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The power of Lake Ontario has hit residents along the lakeshore with a wallop on June 14, 2019.
In Cobourg, numerous residents had to deal with the erosion of shoreline in the area of Water and Lake Streets throughout the day.
A flagpole that was once on shore has succumbed to the high water.
The cause of Friday’s damage was the high water levels, combined with strong winds.
Shorelines that have stood for decades are now eroding.
Sand and sandbags are now available at the Cobourg Public Works Yard on Boggs Road in Northam Industrial Park.
The boardwalk west of Hiberna Street was posted as a flooded area.
Locally, the hardest hit area was in Brighton where several homes were damaged along the lakeshore.
Homes in the Greenway Circle and Popham Lane seem to be the worst.
Residents are doing the best they can to save their homes, but feel helpless with the power of the water.
Neil Watson was one of the home owners battling to save his lakeshore property.
When Today’s Northumberland caught up with him as he was emptying his boots of water, Watson said at the time it was a losing battle.
Water was only a few centimetres from the main part of his house.
All residents agreed it is the worst they’ve ever experienced living along the shoreline.
Climate change may be a part of it, but all people Today’s Northumberland spoke with agreed it was the International Joint Commission’s implementation of what is know as Plan 2014 that was signed on December 8, 2016.
It’s a regulation plan for determining the flows through the Moses-Saunders Dam located on the St. Lawrence River between Cornwall, Ontario and Massena, New York. The updated order and plan replace an outdated system of regulating flows developed in the 1950s.
It was supposed to be a “modern” plan for managing water levels and flows to restore health and diversity of coastal wetlands, perform better under changing climate conditions and continue to protect against extreme high and low water levels.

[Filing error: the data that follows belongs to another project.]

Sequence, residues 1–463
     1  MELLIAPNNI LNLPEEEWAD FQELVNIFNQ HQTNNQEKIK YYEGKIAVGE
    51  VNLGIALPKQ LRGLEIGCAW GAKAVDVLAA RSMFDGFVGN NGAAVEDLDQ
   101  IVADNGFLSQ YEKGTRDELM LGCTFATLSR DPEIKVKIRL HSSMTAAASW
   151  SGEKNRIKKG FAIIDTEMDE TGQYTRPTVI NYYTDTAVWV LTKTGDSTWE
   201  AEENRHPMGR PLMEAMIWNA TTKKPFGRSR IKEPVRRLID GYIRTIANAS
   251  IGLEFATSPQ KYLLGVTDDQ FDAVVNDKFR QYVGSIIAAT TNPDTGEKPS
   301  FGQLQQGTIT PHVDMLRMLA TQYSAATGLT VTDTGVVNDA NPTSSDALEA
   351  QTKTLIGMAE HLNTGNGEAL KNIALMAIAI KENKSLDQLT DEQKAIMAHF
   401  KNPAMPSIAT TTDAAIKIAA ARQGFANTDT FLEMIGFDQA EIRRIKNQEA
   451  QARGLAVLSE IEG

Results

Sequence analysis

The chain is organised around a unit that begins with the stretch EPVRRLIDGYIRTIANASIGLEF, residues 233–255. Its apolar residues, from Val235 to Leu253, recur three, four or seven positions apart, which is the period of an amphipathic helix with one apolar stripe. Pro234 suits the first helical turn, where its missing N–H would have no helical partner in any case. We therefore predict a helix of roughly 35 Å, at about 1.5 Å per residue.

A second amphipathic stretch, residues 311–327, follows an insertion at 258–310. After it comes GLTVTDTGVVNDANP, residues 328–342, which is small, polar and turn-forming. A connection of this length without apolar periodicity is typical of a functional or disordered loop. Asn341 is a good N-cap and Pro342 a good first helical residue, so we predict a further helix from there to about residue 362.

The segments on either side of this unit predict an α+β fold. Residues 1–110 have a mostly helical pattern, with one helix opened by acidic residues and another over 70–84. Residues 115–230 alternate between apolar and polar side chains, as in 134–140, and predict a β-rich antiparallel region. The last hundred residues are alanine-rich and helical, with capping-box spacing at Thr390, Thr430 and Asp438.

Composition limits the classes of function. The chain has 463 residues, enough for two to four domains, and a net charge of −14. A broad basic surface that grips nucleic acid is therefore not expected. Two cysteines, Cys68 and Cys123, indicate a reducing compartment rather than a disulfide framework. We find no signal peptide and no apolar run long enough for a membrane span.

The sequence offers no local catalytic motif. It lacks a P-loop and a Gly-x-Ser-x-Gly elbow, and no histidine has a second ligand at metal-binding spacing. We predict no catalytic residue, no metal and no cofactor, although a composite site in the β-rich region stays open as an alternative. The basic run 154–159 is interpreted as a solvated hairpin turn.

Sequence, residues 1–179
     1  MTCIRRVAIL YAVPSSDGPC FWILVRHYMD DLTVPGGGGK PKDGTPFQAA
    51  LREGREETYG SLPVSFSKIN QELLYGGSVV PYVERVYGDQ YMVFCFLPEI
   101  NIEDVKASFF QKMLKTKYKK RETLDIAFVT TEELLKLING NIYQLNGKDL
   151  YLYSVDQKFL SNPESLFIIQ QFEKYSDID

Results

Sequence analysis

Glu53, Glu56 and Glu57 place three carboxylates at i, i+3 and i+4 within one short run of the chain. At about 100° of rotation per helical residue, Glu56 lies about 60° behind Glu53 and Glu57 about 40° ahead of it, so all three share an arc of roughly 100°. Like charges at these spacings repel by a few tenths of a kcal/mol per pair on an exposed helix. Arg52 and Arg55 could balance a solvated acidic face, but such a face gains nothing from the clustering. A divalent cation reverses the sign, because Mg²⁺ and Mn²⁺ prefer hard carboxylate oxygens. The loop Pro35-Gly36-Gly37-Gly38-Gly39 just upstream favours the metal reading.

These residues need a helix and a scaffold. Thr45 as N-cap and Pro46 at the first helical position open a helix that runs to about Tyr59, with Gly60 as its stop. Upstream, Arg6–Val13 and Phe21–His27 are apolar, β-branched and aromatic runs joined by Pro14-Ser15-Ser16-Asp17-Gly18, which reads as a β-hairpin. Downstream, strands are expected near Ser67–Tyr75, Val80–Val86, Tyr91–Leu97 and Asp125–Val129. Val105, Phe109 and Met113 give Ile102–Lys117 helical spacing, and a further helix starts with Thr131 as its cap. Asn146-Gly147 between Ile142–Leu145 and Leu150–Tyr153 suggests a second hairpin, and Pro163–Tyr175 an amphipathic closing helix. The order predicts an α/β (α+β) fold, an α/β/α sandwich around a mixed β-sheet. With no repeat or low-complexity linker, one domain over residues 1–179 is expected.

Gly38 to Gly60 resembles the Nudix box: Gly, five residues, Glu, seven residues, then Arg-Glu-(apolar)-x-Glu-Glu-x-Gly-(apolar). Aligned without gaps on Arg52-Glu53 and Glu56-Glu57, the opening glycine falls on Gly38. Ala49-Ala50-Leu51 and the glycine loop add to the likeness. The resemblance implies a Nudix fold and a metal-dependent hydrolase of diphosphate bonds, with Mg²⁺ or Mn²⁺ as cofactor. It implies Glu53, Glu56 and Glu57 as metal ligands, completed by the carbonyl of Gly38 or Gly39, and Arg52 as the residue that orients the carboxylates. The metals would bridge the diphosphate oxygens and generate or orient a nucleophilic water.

Unfortunately most people believe Plan 2014 is largely to blame for the extreme conditions along Lake Ontario.
Watson said there was never a problem until they came up with the plan to change the water flow.
With more people voicing their frustrations Watson said he hopes the International Joint Commission listens, “before it’s to late.”
After a brief break, Watson was back at it, trying to maintain pumps that seem to be overwhelmed with wave after wave pounding against his residence.
Doug McKeen has owned property along Popham Lane since 1986 and said it’s extremely sad what is happening.
A wall has been along the lake on his property since he first owned the house, but on Friday it succumbed to the lake.
“I have a feeling it’s poor management of the lake.”
Along with his doing what he can for his property, McKeen was helping his neighbours as best he could.
The water isn’t the only issue, with the power of the waves rocks measuring a 12″ x 12″ are being 25-30 feet.
“Ever since they decided to change the regulations with the lake, since 2017 we have been flooded inside out and backwards,” said resident Michael Hilsheimer.
“This is the worst.”
Hilsheimer stopped by firefighters to see if they had any extra sand bags.
The International Joint Commission assured everyone there would be no flooding even after experts predicted there would be said Hilsheimer.